instances the felt is cut widthwise and reattached to simplify installation on a
paper machine, in which case some of the advantages of endless weaving (such as
the absence of a seam in the fabric) are lost.
Of course, flat weaving a fabric of a base layer requires that provision
be made for joining it into endless belts. Such joints should be constructed in
such a manner that they are sufficiently strong to withstand the extreme load, temperature,
and wear conditions the press felt experiences, yet do not cause the surface of
the press felt above the seam to unduly mark the paper. One popular method of joining
the base fabric of a press felt is to form loops with machine direction yams on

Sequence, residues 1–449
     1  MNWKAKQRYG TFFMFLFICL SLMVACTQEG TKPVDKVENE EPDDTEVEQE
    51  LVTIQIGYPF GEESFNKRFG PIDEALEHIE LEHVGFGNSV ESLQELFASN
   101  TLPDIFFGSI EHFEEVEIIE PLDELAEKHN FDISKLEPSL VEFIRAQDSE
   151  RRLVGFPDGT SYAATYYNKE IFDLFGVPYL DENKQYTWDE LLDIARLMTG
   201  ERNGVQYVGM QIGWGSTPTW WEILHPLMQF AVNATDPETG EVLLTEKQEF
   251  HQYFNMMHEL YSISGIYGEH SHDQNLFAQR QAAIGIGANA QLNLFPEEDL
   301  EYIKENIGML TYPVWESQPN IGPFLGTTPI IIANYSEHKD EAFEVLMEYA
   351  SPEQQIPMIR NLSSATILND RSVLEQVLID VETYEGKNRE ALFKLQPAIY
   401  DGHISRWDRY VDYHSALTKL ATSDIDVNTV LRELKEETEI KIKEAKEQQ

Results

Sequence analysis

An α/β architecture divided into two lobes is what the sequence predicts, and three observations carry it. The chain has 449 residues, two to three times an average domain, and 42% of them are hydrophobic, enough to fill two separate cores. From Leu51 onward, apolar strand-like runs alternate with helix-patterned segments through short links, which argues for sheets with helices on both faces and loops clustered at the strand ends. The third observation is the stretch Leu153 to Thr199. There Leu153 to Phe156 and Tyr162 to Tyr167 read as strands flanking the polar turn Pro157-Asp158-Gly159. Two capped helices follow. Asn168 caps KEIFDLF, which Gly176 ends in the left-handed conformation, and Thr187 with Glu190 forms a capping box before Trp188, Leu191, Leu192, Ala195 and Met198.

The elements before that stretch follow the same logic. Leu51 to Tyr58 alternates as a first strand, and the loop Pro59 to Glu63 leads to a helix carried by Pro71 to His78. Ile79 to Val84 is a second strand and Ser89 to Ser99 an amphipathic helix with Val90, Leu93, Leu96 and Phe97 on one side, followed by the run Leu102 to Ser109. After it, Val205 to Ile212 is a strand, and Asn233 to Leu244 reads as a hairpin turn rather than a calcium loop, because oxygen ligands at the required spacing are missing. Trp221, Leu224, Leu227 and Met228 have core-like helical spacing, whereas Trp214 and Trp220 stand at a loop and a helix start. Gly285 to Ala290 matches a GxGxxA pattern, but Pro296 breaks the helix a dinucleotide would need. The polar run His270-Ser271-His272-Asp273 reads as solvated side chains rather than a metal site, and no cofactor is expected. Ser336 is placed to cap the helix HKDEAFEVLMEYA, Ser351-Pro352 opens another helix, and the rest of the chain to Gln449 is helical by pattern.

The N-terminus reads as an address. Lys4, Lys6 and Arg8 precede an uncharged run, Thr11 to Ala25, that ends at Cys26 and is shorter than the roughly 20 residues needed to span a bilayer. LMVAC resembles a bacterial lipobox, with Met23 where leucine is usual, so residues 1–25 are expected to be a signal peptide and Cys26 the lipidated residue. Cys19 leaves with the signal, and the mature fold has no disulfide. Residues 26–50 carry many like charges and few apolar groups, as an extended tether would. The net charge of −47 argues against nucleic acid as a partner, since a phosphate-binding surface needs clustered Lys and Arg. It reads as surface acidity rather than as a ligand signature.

each end of the base fabric. To form the flat-woven base fabric into an endless
belt, the ends of the fabric are placed adjacent to each other, with each of the
loops on one end positioned between two loops on the other end in interdigitating
fashion. A "pin" (usually formed of a single monofilament or monofilament strands)
is then inserted into all of the loops to join the ends. After the batt layer(s)
are needled or otherwise attached to the base layer, the batt layer(s) are cut at
the seam location, the pin is removed, and the finished press felt is shipped to
a paper mill. Once at the paper mill, the press felt can be installed by placing
it onto a paper machine, then inserting another (usually more flexible) monofilament
pin or pintle into the loops. Examples of this type of seam are described in U.S.
Patent Nos. 4, 764,417 and 4,737,241 to Gulya; 4,601,785 to Lilja et al., and 5,476,123
to Rydin, the disclosures of which are hereby incorporated herein by reference in
Not unexpectedly, the presence of a pin seam can create heterogeneity
in the press felt in the pin seam area. For example, the compressibility and water